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TLR Signaling Is Required for Salmonella typhimurium Virulence
Nicholas Arpaia,1 Jernej Godec,1 Laura Lau,1 Kelsey E. Sivick,1 Laura M. McLaughlin,2 Marcus B. Jones,3 Tatiana Dracheva,3 Scott N. Peterson,3 Denise M. Monack,2 and Gregory M. Barton1,*
1Division of Immunology & Pathogenesis, Department of Molecular and Cell Biology, University of California, Berkeley, Berkeley, CA 94720-3200, USA2Department of Microbiology and Immunology, Stanford University, Stanford, CA 94305, USA 3Pathogen Functional Genomics Resource Center, J. Craig Venter Institute, Rockville, MD 20850, USA *Correspondence: DOI 10.1016/j.cell.2011.01.031


Toll-like receptors (TLRs) contribute to host resistance to microbial pathogens and can drive the evolution of virulencemechanisms. We have examined the relationship between host resistance and pathogen virulence using mice with a functional allele of the nramp-1 gene and lacking combinations of TLRs. Mice deficient in both TLR2 and TLR4 were highly susceptible to the intracellular bacterial pathogen Salmonella typhimurium, consistent with reduced innate immune function. However, mice lacking additional TLRs involved in S.typhimurium recognition were less susceptible to infection. In these TLR-deficient cells, bacteria failed to upregulate Salmonella pathogenicity island 2 (SPI-2) genes and did not form a replicative compartment. We demonstrate that TLR signaling enhances the rate of acidification of the Salmonella-containing phagosome, and inhibition of this acidification prevents SPI-2 induction. Our results indicatethat S. typhimurium requires cues from the innate immune system to regulate virulence genes necessary for intracellular survival, growth, and systemic infection.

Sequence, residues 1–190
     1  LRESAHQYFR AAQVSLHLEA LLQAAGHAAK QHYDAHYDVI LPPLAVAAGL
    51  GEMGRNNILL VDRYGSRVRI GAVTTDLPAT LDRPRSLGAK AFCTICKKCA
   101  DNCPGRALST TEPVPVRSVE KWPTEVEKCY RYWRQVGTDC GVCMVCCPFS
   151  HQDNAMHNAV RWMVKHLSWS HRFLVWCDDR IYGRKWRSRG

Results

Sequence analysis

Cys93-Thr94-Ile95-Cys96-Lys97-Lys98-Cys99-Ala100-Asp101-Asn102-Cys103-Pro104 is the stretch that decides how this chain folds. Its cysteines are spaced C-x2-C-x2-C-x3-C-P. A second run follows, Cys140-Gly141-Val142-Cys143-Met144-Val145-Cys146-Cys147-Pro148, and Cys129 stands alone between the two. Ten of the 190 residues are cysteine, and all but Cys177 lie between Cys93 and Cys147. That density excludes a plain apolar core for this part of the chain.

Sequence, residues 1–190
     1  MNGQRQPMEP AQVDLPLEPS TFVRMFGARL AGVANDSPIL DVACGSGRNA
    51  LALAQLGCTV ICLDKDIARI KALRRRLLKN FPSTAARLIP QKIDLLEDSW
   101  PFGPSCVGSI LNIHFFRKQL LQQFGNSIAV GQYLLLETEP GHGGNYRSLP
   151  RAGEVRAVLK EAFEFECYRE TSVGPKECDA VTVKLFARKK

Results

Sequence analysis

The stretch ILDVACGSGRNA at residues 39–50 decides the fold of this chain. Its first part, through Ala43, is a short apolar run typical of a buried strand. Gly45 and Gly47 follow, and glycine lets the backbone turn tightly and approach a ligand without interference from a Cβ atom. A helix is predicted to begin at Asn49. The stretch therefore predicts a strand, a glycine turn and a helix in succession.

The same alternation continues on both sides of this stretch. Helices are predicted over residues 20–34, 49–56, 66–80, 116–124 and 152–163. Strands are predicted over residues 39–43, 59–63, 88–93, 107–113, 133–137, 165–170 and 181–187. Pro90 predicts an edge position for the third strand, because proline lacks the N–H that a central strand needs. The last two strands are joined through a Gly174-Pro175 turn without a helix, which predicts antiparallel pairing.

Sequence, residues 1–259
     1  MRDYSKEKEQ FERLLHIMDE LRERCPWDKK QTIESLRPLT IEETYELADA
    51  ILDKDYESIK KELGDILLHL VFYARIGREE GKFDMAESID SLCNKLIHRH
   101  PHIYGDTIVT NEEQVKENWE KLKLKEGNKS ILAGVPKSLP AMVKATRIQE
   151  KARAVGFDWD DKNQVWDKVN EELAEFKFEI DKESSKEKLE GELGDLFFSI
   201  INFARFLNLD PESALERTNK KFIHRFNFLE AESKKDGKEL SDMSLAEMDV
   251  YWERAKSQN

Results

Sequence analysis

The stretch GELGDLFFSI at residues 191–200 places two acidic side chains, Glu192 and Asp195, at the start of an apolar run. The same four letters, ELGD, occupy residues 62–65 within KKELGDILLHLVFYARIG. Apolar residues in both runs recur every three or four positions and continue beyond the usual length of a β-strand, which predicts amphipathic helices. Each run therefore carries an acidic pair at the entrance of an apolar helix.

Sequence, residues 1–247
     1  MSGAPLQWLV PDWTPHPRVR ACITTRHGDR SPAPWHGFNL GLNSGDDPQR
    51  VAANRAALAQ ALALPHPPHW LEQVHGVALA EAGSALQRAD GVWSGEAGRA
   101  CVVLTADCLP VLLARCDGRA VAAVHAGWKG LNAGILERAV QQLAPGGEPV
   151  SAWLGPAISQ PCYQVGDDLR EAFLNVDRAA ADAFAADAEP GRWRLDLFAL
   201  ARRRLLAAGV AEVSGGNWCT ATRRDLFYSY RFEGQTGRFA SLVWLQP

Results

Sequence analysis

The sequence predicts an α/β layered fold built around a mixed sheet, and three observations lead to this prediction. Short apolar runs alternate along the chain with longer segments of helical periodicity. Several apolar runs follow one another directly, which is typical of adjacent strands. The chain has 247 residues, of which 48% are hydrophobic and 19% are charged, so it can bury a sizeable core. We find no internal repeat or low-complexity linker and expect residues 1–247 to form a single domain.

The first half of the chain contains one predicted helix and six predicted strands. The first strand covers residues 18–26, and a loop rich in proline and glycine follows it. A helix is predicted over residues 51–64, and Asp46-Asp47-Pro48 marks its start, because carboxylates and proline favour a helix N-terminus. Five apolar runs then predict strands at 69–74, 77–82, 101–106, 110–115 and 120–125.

INTRODUCTION During early stages of infection the innate immune system is essential for limiting microbial replication and spread before an adaptive response is mounted. Accordingly, pathogens have evolved virulence strategies toantagonize innate immune function (Hedrick, 2004; Rausher, 2001; Woolhouse et al., 2002). The interplay between host innate immune function and pathogen virulence mechanisms largely determines the outcome of most infections. Despite the logic of this conceptual framework, our understanding of the molecular interactions driving the emergence of virulence mechanisms remains relatively poor. Innate immunereceptors detect infection by recognizing conserved microbial features common to broad classes of

microbes (Janeway, 1989; Medzhitov, 2007). The Toll-like receptors (TLRs) target a range of microbial ligands, including lipopolysaccharide (TLR4), lipoproteins (TLR2), flagellin (TLR5), unmethylated CpG motifs in DNA (TLR9), doublestranded RNA (TLR3), and single-stranded RNA (TLR7 and TLR8) (Akiraet al., 2001; Kawai and Akira, 2005). Expression of TLRs on innate immune cells links microbial recognition to induction of antimicrobial mechanisms, such as production of reactive oxygen species (ROS) and reactive nitrogen species (RNS) and expression of antimicrobial peptides (AMPs). In addition, TLR activation can promote adaptive immunity through control of dendritic cell (DC) maturation(Iwasaki and Medzhitov, 2004). To study the evolution of pathogen virulence and its relationship to innate immunity, we have focused on TLR-mediated recognition of Salmonella enterica serovar typhimurium. S. typhimurium is a gram-negative bacterium that can survive and replicate within host macrophages (Coburn et al., 2007). Survival within macrophages requires a set of genes, many of which are encodedwithin Salmonella pathogenicity island 2 (SPI-2) (Galan, 2001; Shea et al., 1996; Waterman and Holden, 2003). SPI-2 encodes a type 3 secretion system (T3SS) that is expressed after the bacterium is phagocytosed (Cirillo et al., 1998; Pfeifer et al., 1999; Valdivia and Falkow, 1997). Translocation of SPI-2 effectors into the host cell transforms the phagosome into a compartment that supports...
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